The Algerian Margin : A Case Study of Interaction between Plio-Quaternary Sedimentation and Tectonics
Offshore Algeria is a key area to study the reactivation in compression of a Cenozoic passive margin. This region is often affected by Mw=6-7.5 earthquakes: for example the 2003 Boumerdes event (Mw=6.8) which occurred on a previously unknown offshore reverse fault. This earthquake was associated with mass-transport deposits like debris flows and turbidites that lead to cable ruptures further in the basin. Here we summarize the multi-scale structures observed in the offshore Algerian margin based on the MARADJA'03 and MARADJA2/SAMRA'05 cruises data (multibeam bathymetry, seismic-reflection, side-scan sonar, backscattering, CHIRP).
The morphology of the margin and the structure of the Neogene sediments on the slope and in the basin, particularly the Plio-Quaternary sediments, are shaped by recent fault-related folds and near-surface faults distributed across the margin and also found far on land. Morphological and structural interpretation of the available data along the ~1000 km of the margin leads us to characterize several fault segments with a variable length and position. In Central Algeria (Algiers region), the main contractional structures are active blind thrusts (Plio-Quaternary) generally located near the ocean-continent transition and verging to the north (opposite to pre-existing features). They form generally large asymmetrical folds sub-perpendicular to the present-day convergence direction, which are often arranged in en echelon segments at different scales. Offshore Boumerdes (east of Algiers), we show that the faults have typically a flat-and-ramp geometry creating a succession of perched basins from the mid-slope down to the deep basin, and prograding towards the basin. Although the Messinian salt tectonics and the sedimentary fluxes at the outlets of canyons play a significant role, the sediment deposition as well as the morpho-structure of the margin appear to be controlled at first order by these slow-rate tectonic movements, indicating a clear interaction between crustal-scale tectonics and sedimentation. We discuss the implications of these results in terms of seismic hazard and sedimentary architecture (turbidites) in deep environments.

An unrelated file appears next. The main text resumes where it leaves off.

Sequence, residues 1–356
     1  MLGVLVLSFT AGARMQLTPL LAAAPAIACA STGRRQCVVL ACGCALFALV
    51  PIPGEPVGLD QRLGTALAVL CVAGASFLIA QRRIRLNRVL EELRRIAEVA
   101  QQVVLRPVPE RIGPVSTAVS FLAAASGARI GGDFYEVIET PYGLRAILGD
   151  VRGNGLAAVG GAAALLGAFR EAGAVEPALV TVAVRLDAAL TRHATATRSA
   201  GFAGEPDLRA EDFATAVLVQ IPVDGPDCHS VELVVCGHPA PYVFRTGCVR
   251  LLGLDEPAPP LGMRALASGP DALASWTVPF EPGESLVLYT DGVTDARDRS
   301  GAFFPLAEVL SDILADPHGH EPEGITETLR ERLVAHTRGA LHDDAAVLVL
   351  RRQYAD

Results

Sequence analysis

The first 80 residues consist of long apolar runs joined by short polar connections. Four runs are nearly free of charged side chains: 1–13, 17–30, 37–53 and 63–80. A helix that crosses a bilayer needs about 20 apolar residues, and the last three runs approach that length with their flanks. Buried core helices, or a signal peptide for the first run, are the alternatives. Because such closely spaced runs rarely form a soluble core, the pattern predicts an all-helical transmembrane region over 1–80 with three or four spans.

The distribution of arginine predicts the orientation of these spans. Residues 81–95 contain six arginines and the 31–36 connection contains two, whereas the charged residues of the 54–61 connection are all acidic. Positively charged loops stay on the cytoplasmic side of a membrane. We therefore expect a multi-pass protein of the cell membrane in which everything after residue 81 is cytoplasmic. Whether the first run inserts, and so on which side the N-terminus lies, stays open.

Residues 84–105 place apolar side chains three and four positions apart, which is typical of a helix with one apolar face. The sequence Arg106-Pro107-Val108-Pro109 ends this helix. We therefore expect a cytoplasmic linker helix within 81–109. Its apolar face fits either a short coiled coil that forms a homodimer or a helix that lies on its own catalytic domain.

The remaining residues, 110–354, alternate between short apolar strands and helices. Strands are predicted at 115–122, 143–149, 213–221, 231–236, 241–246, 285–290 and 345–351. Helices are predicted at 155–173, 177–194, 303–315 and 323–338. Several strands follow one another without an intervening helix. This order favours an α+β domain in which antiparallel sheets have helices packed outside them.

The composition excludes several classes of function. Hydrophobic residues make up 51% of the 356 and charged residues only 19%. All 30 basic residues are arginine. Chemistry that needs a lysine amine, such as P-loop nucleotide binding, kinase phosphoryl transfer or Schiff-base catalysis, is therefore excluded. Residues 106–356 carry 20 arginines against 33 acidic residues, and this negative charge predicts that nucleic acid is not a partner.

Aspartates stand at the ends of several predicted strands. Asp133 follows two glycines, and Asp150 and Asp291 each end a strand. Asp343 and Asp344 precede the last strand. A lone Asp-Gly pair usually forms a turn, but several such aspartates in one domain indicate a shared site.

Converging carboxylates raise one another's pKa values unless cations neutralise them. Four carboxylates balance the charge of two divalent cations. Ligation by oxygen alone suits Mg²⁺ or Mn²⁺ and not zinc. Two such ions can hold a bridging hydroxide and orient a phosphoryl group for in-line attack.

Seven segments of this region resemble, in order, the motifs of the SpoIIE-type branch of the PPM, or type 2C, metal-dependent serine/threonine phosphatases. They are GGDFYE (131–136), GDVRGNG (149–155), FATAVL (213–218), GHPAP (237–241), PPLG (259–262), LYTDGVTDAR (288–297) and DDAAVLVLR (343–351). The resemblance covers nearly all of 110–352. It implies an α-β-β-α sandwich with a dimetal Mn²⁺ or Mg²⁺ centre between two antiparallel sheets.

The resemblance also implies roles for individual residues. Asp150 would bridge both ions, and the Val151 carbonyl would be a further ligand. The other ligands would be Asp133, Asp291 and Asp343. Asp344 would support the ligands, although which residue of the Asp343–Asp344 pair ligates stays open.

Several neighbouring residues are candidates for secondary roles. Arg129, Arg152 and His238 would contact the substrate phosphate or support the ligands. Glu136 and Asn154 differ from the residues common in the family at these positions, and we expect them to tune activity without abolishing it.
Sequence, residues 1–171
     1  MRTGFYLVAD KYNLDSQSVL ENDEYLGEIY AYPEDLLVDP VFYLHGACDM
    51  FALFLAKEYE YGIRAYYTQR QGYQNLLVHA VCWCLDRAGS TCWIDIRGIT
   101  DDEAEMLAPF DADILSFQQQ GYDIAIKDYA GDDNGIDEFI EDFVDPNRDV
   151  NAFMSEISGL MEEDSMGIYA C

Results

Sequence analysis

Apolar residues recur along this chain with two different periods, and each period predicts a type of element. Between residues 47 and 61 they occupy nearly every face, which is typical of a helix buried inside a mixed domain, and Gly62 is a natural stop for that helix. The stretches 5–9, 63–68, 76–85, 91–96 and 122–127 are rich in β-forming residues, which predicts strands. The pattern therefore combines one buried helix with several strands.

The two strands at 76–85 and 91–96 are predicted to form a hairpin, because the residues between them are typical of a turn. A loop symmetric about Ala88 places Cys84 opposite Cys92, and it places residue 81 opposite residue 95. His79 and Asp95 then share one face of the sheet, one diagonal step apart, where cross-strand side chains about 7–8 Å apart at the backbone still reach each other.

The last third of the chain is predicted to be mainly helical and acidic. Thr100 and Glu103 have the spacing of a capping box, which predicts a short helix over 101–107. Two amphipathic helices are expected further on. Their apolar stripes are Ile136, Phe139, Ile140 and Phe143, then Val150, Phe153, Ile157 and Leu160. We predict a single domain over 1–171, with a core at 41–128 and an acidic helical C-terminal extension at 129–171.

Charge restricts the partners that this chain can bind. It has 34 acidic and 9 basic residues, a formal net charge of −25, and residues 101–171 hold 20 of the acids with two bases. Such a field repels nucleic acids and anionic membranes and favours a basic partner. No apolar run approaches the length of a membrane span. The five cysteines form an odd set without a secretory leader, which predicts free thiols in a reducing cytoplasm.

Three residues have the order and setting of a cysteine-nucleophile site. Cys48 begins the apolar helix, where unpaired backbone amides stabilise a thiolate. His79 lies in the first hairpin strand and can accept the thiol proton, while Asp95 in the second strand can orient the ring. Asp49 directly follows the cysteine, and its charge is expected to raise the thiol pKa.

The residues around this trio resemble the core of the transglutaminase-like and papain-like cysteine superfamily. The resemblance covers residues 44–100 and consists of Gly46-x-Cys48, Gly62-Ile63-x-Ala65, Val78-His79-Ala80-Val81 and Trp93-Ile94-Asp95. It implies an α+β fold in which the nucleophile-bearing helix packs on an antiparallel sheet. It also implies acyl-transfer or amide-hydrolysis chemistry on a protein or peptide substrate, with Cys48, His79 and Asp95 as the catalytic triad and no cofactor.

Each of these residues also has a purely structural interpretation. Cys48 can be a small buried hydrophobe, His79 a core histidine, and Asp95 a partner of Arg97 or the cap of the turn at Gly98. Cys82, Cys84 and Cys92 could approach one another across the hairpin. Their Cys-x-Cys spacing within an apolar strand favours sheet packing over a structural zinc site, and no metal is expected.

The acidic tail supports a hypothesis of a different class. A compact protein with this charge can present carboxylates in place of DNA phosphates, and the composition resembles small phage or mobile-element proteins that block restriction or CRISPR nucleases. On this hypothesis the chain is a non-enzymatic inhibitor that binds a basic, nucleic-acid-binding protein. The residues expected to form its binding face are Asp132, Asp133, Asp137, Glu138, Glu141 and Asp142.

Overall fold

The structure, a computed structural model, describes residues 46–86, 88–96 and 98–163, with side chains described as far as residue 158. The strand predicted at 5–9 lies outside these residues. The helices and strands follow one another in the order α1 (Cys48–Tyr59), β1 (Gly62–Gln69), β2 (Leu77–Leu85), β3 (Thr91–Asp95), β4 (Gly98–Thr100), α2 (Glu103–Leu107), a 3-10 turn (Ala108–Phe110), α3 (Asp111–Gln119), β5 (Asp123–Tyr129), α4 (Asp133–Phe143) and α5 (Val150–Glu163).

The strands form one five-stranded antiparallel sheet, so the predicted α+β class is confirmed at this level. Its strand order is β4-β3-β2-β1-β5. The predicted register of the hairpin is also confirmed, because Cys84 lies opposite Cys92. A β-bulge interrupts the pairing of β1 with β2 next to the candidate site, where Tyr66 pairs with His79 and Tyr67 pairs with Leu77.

AAPG Search and Discovery Article #90090©2009 AAPG Annual Convention and Exhibition, Denver, Colorado, June 7-10, 2009